Tag Archives: aqueduct

Photoblog! A Day at Aqueduct

baked goods

If every racetrack offered a bake case like this, there would be more happy, sugared-up people at racetracks.

There’s nothing quite like spending a blustery February day at Aqueduct, and by nothing, I mean nothing except for perhaps heading to a walk-in cooler at your nearest restaurant and shutting yourself inside. But inside with some awesome horses! Today we hopped on the Crazy Train (that’s a colloquial term for the A train) and went out to the track. Aqueduct’s lonely train platform is a lot more crowded these days; the blinking, beeping, soul-sucking (I mean this in the nicest possible way) casino that replaced Aqueduct’s crumbling old grandstand attracts crowds that the horses haven’t been bringing out to Queens for decades, and do not get in Grandma’s way when she is trying to be first through the turnstiles on the way out of the station! She will run your butt over! Sing  it with me now: “The slots, the slots are calling…”

The plus side to the casino is that there is actually decent food to eat at the racetrack now, and the cream-cheese frosted brownie and the Starbucks coffee, liberally laced with actual half-and-half, may not have been the healthiest lunch option, but it’s a cut above the old “death before Sbarro’s” racetrack diet I used to be on. I was really tired of leaving the racetrack at five thirty with a headache from not eating all day!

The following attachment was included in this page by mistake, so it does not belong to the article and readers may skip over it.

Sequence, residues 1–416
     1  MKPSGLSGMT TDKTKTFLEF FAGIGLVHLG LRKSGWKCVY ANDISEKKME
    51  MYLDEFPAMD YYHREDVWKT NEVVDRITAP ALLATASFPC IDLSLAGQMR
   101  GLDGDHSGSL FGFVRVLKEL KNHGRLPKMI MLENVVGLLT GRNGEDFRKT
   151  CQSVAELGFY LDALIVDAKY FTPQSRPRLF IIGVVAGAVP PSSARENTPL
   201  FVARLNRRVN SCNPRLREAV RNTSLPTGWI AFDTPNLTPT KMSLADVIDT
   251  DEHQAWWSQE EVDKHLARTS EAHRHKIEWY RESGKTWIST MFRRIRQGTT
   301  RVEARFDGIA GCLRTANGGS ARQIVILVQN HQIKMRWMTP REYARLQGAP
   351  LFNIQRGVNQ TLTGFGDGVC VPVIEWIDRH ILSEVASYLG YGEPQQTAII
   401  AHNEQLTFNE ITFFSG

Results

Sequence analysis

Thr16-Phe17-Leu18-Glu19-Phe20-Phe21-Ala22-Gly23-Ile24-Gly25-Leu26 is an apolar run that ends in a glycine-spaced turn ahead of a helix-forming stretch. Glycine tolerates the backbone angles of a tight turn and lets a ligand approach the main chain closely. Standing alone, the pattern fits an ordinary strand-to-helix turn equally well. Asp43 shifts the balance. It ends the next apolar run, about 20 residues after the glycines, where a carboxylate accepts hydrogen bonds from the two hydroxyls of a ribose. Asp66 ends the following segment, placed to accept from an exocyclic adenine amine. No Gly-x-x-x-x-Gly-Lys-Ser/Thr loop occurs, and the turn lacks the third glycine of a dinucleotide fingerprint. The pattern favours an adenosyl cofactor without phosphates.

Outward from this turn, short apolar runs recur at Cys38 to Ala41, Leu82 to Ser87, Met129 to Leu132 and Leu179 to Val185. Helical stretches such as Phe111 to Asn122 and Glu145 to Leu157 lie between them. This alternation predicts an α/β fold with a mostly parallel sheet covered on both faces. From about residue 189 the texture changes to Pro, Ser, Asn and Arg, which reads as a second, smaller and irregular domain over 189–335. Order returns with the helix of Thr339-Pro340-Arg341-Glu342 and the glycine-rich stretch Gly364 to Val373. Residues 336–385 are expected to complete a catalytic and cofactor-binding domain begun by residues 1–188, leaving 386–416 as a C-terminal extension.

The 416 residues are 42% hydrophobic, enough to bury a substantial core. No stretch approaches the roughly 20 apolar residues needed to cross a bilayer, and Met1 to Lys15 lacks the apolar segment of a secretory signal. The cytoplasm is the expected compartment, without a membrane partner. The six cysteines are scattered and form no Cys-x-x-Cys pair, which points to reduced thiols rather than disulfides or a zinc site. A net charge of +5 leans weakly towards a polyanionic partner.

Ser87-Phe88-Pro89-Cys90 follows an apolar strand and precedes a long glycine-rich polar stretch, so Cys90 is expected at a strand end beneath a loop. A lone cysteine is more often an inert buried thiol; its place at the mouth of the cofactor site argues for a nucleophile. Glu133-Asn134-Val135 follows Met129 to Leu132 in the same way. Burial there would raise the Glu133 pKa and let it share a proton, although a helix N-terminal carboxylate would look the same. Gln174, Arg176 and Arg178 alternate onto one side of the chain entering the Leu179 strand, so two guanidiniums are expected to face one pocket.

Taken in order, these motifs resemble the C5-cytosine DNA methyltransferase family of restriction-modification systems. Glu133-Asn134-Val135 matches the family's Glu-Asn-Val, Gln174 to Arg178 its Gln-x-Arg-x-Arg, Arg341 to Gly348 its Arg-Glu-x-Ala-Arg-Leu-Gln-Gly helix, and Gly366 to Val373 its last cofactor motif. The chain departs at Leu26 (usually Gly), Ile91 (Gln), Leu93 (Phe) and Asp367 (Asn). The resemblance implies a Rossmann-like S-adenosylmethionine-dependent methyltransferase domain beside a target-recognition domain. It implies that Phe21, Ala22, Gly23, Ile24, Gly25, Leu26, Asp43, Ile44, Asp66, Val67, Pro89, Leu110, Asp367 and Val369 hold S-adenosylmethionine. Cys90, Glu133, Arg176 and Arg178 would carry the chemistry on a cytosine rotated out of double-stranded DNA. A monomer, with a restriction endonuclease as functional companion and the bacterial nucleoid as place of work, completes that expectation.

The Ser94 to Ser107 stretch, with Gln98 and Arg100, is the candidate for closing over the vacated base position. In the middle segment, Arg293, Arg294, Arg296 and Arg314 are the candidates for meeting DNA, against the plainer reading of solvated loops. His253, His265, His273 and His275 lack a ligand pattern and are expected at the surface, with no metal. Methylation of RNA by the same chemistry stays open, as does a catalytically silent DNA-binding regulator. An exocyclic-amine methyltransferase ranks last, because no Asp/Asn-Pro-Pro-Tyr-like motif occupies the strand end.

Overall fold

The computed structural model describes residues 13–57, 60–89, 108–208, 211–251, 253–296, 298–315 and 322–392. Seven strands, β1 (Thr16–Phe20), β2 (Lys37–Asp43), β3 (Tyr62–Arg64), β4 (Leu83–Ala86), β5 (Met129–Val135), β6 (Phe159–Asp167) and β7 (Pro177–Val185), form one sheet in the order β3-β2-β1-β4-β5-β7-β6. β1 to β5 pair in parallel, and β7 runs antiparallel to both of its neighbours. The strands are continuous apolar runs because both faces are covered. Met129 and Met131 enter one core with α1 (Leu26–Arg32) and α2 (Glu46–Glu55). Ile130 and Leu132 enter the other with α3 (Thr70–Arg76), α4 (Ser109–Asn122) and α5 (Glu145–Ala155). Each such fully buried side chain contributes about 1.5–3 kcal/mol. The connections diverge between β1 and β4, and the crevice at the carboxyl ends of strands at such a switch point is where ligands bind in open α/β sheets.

So Scott, Thoroughbred gelding

I want him next!

It was an interesting day of races. There was one feature, the Busher, for three-year-old fillies, and then everything from $7500 claimers to starter allowances. The weather went from sunny to snow flurries, back to sunny, back to snow, all with a gale of a wind that would whip up from the south and blow sand in your face. It’s been a while since I had the grit of Aqueduct track between my teeth; today I tasted that dirt once again. Happily, it wasn’t because my entire face had just been ground into it while a horse tried to convince me to let go of the reins. Change is good.

There were a lot of favorites from big trainers, and the idea of the day was to try and find the sleeper horse that might come out of nowhere and surprise everyone. But they were few and far between. Every race seemed to have five favorites and two long-shots that were such long-shots not even I was going to mess with them. We did manage to get a first and a second with some slightly-better-than-even-money horses, but all in all it wasn’t a betting day. It was an enjoy the nice horses day.